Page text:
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May 16, 2019

*-- Bipartisan Senate plan aims to help more Americans save for retirement --*

Bipartisan lawmakers introduced a new plan Tuesday designed to help more Americans save for retirement -- offering new flexibility and help for low-income citizens who've saved nothing.

Sens. Ben Cardin of Maryland and Rob Portman of Ohio unveiled the plan, which includes reforms in four main areas -- helping workers set aside money, offering more flexibility in retirement years, aiding low-income Americans and promoting small business retirement plans.

The proposal would allow employers to make matching contributions equal to workers' student loan payments. It would also increase the age for minimum distributions from 70.5 to 72 in 2023, and 75 by 2030, to allow individuals to save more by working longer. It would also expand 401(k) eligibility to part-time employees who work between 500 and 1,000 hours for two consecutive years. For small businesses, the bill increases the tax credit for starting a new retirement plan, to as much as $5,000.

"Ensuring that families and workers can retire with dignity and stability is an ongoing, and strongly bipartisan effort," Cardin said in a statement. "There have been many recent efforts acknowledging this need, yet more work needs to be done to make sure families have the necessary tools to be successful in their retirement."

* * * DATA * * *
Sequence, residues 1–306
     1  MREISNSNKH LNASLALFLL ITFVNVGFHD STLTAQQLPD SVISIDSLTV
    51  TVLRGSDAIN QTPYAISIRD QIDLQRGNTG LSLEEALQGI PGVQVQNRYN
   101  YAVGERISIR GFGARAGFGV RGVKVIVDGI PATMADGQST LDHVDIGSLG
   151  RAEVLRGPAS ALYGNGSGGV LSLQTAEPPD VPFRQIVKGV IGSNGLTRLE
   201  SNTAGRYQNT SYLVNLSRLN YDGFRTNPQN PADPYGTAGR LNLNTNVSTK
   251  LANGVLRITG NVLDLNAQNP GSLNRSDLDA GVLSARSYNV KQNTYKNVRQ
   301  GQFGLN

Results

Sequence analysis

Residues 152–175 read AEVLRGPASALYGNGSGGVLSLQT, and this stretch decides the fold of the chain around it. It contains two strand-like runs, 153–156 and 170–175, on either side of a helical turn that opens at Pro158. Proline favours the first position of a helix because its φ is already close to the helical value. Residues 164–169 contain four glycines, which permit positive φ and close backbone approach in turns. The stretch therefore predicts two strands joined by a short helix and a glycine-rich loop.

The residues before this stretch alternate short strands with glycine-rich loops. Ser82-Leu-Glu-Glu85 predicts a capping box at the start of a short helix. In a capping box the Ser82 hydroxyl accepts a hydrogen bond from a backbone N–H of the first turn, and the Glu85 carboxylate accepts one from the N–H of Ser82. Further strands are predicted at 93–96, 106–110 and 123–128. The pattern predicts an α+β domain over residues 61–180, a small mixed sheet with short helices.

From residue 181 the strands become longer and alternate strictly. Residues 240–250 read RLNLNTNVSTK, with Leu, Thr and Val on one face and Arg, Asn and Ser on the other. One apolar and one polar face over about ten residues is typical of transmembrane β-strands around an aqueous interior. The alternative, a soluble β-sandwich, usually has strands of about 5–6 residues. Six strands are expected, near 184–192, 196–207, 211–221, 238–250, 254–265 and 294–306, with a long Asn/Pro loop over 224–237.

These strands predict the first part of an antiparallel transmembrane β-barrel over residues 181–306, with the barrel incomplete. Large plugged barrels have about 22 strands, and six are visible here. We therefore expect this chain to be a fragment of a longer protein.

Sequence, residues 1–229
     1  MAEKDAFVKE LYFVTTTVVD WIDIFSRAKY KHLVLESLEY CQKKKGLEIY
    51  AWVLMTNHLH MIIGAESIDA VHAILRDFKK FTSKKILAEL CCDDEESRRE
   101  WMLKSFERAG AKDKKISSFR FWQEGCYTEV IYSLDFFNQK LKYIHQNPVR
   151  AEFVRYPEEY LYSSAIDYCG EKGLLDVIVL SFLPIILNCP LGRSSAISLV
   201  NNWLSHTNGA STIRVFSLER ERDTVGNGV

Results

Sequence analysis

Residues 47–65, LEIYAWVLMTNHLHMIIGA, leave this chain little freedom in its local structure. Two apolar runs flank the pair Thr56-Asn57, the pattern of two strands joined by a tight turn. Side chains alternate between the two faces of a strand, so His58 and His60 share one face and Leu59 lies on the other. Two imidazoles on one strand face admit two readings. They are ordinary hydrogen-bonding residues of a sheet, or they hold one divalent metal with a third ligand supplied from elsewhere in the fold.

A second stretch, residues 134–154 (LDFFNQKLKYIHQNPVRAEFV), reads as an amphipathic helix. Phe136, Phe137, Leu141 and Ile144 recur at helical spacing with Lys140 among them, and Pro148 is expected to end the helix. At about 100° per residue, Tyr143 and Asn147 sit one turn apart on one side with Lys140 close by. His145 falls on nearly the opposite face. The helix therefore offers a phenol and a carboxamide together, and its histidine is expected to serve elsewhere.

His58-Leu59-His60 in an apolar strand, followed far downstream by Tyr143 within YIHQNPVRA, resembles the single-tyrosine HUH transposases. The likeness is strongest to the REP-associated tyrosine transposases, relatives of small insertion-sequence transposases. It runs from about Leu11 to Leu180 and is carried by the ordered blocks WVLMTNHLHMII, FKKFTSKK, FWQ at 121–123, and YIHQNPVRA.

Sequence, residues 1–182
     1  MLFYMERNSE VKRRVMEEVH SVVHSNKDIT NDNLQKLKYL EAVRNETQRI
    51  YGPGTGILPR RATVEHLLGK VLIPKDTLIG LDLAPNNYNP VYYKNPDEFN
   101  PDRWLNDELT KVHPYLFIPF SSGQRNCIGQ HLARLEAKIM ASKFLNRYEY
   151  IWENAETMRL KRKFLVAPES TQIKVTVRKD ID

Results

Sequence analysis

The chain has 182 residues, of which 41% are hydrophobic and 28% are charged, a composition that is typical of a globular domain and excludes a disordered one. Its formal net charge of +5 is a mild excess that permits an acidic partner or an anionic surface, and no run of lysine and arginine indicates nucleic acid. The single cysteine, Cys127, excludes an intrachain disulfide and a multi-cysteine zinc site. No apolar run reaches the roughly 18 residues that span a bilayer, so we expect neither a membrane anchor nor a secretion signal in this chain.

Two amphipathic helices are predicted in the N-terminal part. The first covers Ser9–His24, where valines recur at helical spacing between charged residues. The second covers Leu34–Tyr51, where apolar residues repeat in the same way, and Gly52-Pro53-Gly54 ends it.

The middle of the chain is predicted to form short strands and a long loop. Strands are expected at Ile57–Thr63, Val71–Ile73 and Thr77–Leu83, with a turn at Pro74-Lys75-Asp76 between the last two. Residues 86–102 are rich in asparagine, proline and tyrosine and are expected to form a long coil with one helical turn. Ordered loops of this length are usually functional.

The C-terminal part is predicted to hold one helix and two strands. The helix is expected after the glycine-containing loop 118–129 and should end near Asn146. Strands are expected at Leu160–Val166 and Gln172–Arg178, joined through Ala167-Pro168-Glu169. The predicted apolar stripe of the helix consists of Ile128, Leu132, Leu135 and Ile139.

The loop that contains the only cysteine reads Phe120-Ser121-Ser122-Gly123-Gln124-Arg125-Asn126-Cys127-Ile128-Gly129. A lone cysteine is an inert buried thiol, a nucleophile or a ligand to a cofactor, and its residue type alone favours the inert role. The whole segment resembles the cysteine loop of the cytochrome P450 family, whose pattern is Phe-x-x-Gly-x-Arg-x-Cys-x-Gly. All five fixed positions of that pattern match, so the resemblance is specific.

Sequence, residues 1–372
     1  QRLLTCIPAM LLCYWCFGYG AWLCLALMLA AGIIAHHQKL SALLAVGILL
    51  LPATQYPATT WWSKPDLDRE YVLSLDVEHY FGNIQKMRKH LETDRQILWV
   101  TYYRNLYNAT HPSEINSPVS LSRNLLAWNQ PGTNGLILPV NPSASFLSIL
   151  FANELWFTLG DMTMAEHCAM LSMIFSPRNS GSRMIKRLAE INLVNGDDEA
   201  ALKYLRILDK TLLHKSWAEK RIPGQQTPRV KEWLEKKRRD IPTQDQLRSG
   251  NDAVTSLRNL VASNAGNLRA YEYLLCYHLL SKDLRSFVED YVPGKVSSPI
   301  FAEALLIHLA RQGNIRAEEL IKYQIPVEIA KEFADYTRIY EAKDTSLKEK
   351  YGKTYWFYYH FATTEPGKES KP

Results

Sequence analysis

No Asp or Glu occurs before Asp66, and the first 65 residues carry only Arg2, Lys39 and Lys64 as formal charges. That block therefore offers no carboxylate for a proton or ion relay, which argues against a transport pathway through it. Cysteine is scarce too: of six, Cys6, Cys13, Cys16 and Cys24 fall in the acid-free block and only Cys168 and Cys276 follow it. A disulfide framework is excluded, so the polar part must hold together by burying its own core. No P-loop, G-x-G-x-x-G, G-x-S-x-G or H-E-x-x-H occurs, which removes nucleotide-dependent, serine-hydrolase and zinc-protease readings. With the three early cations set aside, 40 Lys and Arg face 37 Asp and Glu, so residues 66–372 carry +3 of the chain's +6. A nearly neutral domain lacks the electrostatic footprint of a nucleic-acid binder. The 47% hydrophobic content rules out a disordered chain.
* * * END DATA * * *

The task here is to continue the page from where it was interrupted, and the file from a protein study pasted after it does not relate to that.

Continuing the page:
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A Government Accountability Office report this year found nearly half of retirees over age 55 didn't have money saved, and only 49 percent of small businesses employees and 39 percent of part-time workers had access to an employer-sponsored retirement plan. Among lowest-paid workers, only 22 percent had participated in a retirement plan.

Cardin and Portman crafted legislation in 2001 to reform retirement law.

"Since our last comprehensive package became law in 2001, we've seen more Americans participate in 401(k)s and IRAs to save for their retirement but our savings rate still remains too low and there are far too many Americans with no retirement account at all," Portman said.